Ukraine hopes to protect Kyiv with Israeli alert system by summer
By Dan Williams
JERUSALEM (Reuters) - An Israeli-designed missile detection system that would give Ukrainians more time to take shelter from Russian missile attacks is being tested in Kyiv and may be activated within two months, Ukraine's ambassador to Israel said on Thursday.
Israel, which has been honing its own air defences since coming under Iraqi Scud salvoes in the 1991 Gulf war, agreed to share technologies with Ukraine last year even though it held off on meeting Kyiv's requests for weaponry.
One of those requests had been for the Iron Dome, a short-range interceptor that Israel regularly uses to shoot down rockets fired by Palestinian militants in Gaza.
Mindful of their government's efforts to maintain good relations with Moscow, Israeli officials have not provided details on the detection system being developed for the Ukrainians.
Ambassador Yevgen Korniychuk said the system, fed with data from Ukrainian radars, is now being tested in the capital.
"It allows for identifying the different objects, including ballistic missiles, and calculates where they will go and basically that allows us to close certain parts of the country rather than the whole country," he told Reuters, referring to the air-shelter orders current being issued when under attack.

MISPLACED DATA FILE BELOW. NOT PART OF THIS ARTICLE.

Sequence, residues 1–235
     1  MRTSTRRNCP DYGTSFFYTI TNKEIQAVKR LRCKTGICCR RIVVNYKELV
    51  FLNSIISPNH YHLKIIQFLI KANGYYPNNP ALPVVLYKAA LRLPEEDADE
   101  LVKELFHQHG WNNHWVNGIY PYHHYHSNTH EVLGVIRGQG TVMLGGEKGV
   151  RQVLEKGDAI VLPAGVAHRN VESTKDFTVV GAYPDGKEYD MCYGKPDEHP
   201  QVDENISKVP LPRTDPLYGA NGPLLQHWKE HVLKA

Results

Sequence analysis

When complete, the system will warn residents of areas about to be struck by Russian missiles or drones, either by sounding sirens nearby or with alerts on cellphones, he said.
The system would allow more precisely tailored messages that would sound the alarms in individual neighbourhoods under threat. "It will allow us to close Kyiv sectorially," Korniychuk said.
"Some residents will be told on their phones how much time they have to jump into their shelter, while in other parts of Kyiv people will be able to sit and have coffee.
"What I know from our experts is that they have already started work and I do hope that, in accordance with our internal schedule, it will take another month or two to get it working in Kyiv," he said, adding that five other cities would follow.
The account appeared to track with the missile detection system used in Israel, which, according to one official, divides the country into around 1,700 zones, with Tel Aviv and Jerusalem subdivided into four or five zones each.
The alerts, delivered over cellphone, automatic loudhailers and websites, give "times to shelter" in accordance with the distance of the target to the source of the launch, the official said. The shortest is 15 seconds, the longest three minutes.
The alerts appear on the cellphones of Israelis who download the relevant military app - but only if they are in the impact zone. The app does not otherwise track users' cellphones and is only activated if they happen to be in the impact zone.
(Writing by Dan Williams; Editing by Nick Macfie)